For better driver comfort - particularly for very tall or shorter stature drivers - power adjustable accelerator and brake pedals are available, while the Reverse Sensing System is available as a parking aid. Explorer's steering wheel tilts and telescopes, using a single control lever.
New dual-zone climate controls are available, as is an auxiliary climate control system for the rear seating area.
Vehicle serviceability also has been improved. Explorer's annual estimated service costs improve nearly $100 compared with the previous model.
To help reduce its impact on the environment, Explorer is an estimated 90-percent recyclable by weight. More than 10 percent of its plastic parts contain post-consumer recycled material. Explorer production will use an estimated 6.3 million pounds of recycled non-metallic parts inside the vehicles every year.
Explorer is designed to be rugged and contemporary to complement the Ford "Outfitters" SUV family. The SUV family includes the Ford Escape, Explorer Sport, Explorer Sport Trac, Expedition and Excursion. The new four-door Explorer has a clear, powerful vehicle stance and proportions enhanced by simple, rounded forms that build on the vehicle's classically popular design theme.
In many areas, form meets function. The exterior door handles are not only easier to use, they're rugged, big and strong. The available running boards are wide and substantial. The jewel-like complex reflector headlamps provide better lighting.
In the back, the rear bumper does not appear to be "bolted on" but is fully integrated into the body and has a full-width shelf for easier loading and unloading.
The exterior is designed to accentuate the vehicle's independent rear suspension and under-the-skin capabilities. The wider track is designed to give Explorer a more aggressive stance. The shorter front overhang helps make the vehicle look more nimble, while improving its approach angle in rough or steep terrain.
Explorer is available in four trim levels, including the popular Eddie Bauer, Limited, XLT and XLS.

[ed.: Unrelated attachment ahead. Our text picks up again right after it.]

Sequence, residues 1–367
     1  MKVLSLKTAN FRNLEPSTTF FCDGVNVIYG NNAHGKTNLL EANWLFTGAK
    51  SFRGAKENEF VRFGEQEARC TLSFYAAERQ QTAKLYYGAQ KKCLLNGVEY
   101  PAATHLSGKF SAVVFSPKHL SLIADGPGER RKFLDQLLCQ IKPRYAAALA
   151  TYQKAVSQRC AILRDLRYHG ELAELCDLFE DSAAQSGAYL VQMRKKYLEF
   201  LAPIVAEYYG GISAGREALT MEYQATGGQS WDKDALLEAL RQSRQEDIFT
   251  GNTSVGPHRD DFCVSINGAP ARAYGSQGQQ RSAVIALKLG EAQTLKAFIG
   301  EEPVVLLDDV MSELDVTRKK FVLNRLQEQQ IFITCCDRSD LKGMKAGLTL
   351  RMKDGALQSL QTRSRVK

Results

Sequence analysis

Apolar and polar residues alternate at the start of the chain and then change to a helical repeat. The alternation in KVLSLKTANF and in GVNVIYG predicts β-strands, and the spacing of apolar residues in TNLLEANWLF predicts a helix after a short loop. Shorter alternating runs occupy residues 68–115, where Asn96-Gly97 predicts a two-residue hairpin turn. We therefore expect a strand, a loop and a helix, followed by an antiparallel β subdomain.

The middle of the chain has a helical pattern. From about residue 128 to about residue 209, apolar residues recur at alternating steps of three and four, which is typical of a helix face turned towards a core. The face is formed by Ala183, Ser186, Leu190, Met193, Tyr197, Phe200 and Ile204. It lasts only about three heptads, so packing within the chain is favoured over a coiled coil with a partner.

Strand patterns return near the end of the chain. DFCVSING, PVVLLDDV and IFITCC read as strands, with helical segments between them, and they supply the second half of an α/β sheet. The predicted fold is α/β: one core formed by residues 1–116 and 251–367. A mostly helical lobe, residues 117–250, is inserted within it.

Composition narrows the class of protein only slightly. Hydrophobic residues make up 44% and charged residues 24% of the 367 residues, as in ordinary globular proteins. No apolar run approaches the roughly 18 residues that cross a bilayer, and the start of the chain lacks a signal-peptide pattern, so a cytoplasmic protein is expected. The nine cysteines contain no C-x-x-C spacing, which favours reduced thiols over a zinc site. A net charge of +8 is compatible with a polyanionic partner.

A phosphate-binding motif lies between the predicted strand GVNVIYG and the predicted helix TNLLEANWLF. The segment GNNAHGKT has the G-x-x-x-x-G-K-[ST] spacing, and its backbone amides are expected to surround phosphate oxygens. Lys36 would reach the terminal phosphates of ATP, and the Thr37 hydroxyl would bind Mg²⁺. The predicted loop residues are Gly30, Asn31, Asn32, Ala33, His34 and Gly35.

Noise, Vibration and Harshness
Explorer's revised body shape, coupled with improved sealing and literally thousands of noise-control measures, result in a substantially quieter cabin for passengers. Key to the improved sound quality is Explorer's new, fully boxed frame, which improves rigidity, vehicle responsiveness and, in turn, noise, vibration and harshness (NVH) levels.
Explorer's frame is 350 percent torsionally stiffer and 26 percent improved in vertical and lateral bending - which contribute to the vehicle's improved NVH levels. In addition, Explorer has new micro-cellular body mounts, new door and hidden liftgate edges, new engine, transmission and exhaust mounts, a revised engine intake system, added insulation throughout the vehicle, a laminated steel dash with magnesium cross bar and a 50-percent reduction in air leakage - all of which add up to luxury-vehicle-like quietness and NVH levels.
The SUV market has shown the most significant growth of the decade in the automotive industry. In fact, since 1991, annual sales of sport utility vehicles in the U.S. have grown from 900,000 to 3.2 million units through the end of calendar year 1999. It is the only market segment that has experienced double-digit sales growth every year during this period.
The Ford Explorer has led that growth. The Explorer is the best-selling sport utility vehicle on the market and has been since its introduction in 1990 as a 1991 model. It also has been among the top-10 best-selling vehicles - car or truck - since it was introduced. In 1998 and 1999, the Explorer nameplate enjoyed record sales of more than 431,000 and 428,000 units respectively. It is well on its way to another record-setting sales year in 2000.
More than 3.6 million Ford Explorers have been sold since its introduction, so it is no surprise that there are more Explorers on the road today than any other sport utility vehicle. Explorer also ranks very high in customer satisfaction and loyalty.
As the sales leader, it attracts a broad range of consumers with varying demographics and interests - from single, young professionals to active retirees and empty nesters. They choose Explorer because it offers rugged, functional capabilities and sporty up-to-date styling and comfort.
Explorer often is considered the "pioneer" of the SUV market. While it was not the first SUV, it marked the transition of the utility vehicle from a specialized functional truck to a comfortable, versatile activity vehicle.
Available in dealerships beginning in early 2001, the 2002-model Explorer will be built at Ford Motor Company's Louisville, Ky., and St. Louis, Mo., assembly plants. Production begins in late 2000.
All pictures: Ford Motor Company